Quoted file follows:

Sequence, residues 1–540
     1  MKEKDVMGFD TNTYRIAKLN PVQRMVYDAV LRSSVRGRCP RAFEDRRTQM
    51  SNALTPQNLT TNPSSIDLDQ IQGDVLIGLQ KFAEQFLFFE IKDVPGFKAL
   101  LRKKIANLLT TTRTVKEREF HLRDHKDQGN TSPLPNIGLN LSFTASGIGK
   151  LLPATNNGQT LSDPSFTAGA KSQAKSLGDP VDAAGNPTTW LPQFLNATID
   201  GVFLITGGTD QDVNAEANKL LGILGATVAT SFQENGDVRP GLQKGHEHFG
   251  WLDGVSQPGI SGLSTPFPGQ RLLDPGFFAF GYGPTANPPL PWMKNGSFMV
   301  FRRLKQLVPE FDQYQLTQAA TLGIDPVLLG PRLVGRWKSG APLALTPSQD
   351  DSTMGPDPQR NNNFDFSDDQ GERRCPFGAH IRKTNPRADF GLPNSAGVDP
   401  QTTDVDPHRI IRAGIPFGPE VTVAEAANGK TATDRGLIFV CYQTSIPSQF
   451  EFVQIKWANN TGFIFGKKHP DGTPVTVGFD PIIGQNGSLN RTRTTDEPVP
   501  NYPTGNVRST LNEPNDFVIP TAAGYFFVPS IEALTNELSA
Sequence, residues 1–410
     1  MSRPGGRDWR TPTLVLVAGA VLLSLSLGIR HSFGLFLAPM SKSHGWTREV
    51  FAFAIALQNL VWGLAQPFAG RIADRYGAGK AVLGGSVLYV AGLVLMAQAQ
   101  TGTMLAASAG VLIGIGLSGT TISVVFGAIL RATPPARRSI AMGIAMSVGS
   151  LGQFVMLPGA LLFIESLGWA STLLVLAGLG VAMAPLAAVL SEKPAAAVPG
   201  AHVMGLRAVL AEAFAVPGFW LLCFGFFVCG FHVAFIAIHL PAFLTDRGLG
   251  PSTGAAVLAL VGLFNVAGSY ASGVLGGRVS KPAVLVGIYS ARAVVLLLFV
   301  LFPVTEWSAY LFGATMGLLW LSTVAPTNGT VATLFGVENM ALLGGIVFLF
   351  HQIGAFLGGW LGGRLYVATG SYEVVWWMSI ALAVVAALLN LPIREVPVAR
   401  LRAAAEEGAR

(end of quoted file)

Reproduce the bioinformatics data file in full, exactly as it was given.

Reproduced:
Sequence, residues 1–540
     1  MKEKDVMGFD TNTYRIAKLN PVQRMVYDAV LRSSVRGRCP RAFEDRRTQM
    51  SNALTPQNLT TNPSSIDLDQ IQGDVLIGLQ KFAEQFLFFE IKDVPGFKAL
   101  LRKKIANLLT TTRTVKEREF HLRDHKDQGN TSPLPNIGLN LSFTASGIGK
   151  LLPATNNGQT LSDPSFTAGA KSQAKSLGDP VDAAGNPTTW LPQFLNATID
   201  GVFLITGGTD QDVNAEANKL LGILGATVAT SFQENGDVRP GLQKGHEHFG
   251  WLDGVSQPGI SGLSTPFPGQ RLLDPGFFAF GYGPTANPPL PWMKNGSFMV
   301  FRRLKQLVPE FDQYQLTQAA TLGIDPVLLG PRLVGRWKSG APLALTPSQD
   351  DSTMGPDPQR NNNFDFSDDQ GERRCPFGAH IRKTNPRADF GLPNSAGVDP
   401  QTTDVDPHRI IRAGIPFGPE VTVAEAANGK TATDRGLIFV CYQTSIPSQF
   451  EFVQIKWANN TGFIFGKKHP DGTPVTVGFD PIIGQNGSLN RTRTTDEPVP
   501  NYPTGNVRST LNEPNDFVIP TAAGYFFVPS IEALTNELSA
Sequence, residues 1–410
     1  MSRPGGRDWR TPTLVLVAGA VLLSLSLGIR HSFGLFLAPM SKSHGWTREV
    51  FAFAIALQNL VWGLAQPFAG RIADRYGAGK AVLGGSVLYV AGLVLMAQAQ
   101  TGTMLAASAG VLIGIGLSGT TISVVFGAIL RATPPARRSI AMGIAMSVGS
   151  LGQFVMLPGA LLFIESLGWA STLLVLAGLG VAMAPLAAVL SEKPAAAVPG
   201  AHVMGLRAVL AEAFAVPGFW LLCFGFFVCG FHVAFIAIHL PAFLTDRGLG
   251  PSTGAAVLAL VGLFNVAGSY ASGVLGGRVS KPAVLVGIYS ARAVVLLLFV
   301  LFPVTEWSAY LFGATMGLLW LSTVAPTNGT VATLFGVENM ALLGGIVFLF
   351  HQIGAFLGGW LGGRLYVATG SYEVVWWMSI ALAVVAALLN LPIREVPVAR
   401  LRAAAEEGAR